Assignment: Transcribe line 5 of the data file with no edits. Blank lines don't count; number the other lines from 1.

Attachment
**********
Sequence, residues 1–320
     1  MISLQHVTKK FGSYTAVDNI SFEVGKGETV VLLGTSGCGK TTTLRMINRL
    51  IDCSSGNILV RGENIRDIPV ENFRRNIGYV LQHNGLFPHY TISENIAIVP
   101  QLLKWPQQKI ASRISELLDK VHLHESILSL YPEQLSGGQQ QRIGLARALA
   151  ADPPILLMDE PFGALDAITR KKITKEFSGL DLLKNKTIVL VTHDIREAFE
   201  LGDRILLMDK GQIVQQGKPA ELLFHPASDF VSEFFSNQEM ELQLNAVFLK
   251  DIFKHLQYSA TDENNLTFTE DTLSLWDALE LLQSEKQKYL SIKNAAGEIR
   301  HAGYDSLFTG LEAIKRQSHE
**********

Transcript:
   151  ADPPILLMDE PFGALDAITR KKITKEFSGL DLLKNKTIVL VTHDIREAFE